Interview With Black It Out

What was the beginning point for your music career? How did it all start?

Lots of things got us into music. Bryan’s dad was into music and played the drums and guitar. My (Shaun) dad played guitar and sang, and my mom played bass. So, both Bryan and I were exposed to rock bands at a young age. It was natural for Bryan and me to start playing the guitar and want to be in bands. Bryan got into Metallica at a young age, and I got into The Misfits, Green Day, and The Offspring early on. In grade school, I also had music classes that taught me how to read music, so it was fated for me. I went to college for music.
I (Shaun) met Bryan through a mutual friend while in the Sacramento scene. Both my friend and Bryan were in that band together. I would go to their shows and hang out with them. I got to know the band pretty well. So well that when their bassist’s amp didn’t work, I let them use mine. Later, that bassist moved, and I joined the band as their bassist. Their drummer wanted their old bassist even though he moved away, so he made things difficult, ultimately destroying that band. Bryan and I continued to jam until the other members joined. We were called Scarlet’s Sonata at the time, and we started as a Hardcore band. In 2009, we changed our name to Black It Out. We went on an 8-year hiatus, played in other bands, and now, we’re back as an internet band. We’re an E-band that focuses on studio recordings. Our sound has changed a lot over the years.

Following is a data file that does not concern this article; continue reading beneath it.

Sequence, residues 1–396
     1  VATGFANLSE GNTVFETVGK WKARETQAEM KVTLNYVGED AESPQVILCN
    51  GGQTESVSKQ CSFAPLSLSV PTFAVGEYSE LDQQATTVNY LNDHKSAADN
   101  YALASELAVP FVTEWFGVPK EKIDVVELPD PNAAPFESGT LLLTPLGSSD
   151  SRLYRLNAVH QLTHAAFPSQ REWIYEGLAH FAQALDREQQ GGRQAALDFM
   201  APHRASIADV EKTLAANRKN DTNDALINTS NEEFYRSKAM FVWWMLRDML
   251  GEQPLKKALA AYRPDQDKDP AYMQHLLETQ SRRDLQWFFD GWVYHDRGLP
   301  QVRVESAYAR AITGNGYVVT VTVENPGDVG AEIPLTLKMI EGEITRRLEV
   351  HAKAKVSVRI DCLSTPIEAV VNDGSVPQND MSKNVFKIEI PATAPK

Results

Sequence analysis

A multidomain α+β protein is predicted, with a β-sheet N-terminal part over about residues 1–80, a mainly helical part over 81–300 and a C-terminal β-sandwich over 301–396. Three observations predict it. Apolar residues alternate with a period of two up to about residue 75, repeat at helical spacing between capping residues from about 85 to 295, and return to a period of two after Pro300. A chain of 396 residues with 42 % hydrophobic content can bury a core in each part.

Were there any bumps on the road? What kind of challenges did you have to deal with?

There were many bumps in the road. From finding members to members quitting right before a show, to members not showing up to practice, to cops being called to where we practiced, we’ve seen it all. We’ve had members hooked on drugs and went to jail before a show. There was a guy who tried out for us and started calling us late at night with suicidal ideations. We just met the guy!
Of course, we’ve dealt with the everyday problems any band must face, from disagreements and all that, but those were nothing compared to what I previously mentioned.

What was the most fulfilling and satisfying moment so far?

There have been many satisfying moments. We recently released our track “Live, Laugh, Love” featuring Anndy Negative, and people have been putting it on their playlists! It’s been getting great feedback! Before that, our music had been reviewed, played on radio shows, and spontaneously placed on playlists. Our growth and people’s responses to our music have been incredible lately! 

How would you describe the music that you typically create?

I would say we’re a blend of several musical genres. We’re a mix of Pop-Punk, Easycore, Post-Hardcore, and Emo. Our song “Live, Laugh, Love,” featuring Anndy Negative, would sum up our sound perfectly. It has breakdowns, Pop-Punk and Emo vocals, and Easycore riffs.

What is your creative process like?

Bryan and I email each other our ideas, and we hash them out. We call and email each other; then rerecord the part with our discussed changes until we have a track we’re happy with. Bryan and I (Shaun) both write the songs. Lately, Bryan has been writing the music and having me write the melody. That’s going to change in the future.